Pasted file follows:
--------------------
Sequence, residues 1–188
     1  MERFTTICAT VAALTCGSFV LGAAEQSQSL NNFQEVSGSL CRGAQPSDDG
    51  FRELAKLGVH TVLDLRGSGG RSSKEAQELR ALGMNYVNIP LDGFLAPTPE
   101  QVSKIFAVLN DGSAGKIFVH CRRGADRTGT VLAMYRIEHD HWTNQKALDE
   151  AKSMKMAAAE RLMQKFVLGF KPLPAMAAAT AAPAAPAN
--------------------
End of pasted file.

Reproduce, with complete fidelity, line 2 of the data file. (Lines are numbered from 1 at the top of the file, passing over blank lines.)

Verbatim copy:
     1  MERFTTICAT VAALTCGSFV LGAAEQSQSL NNFQEVSGSL CRGAQPSDDG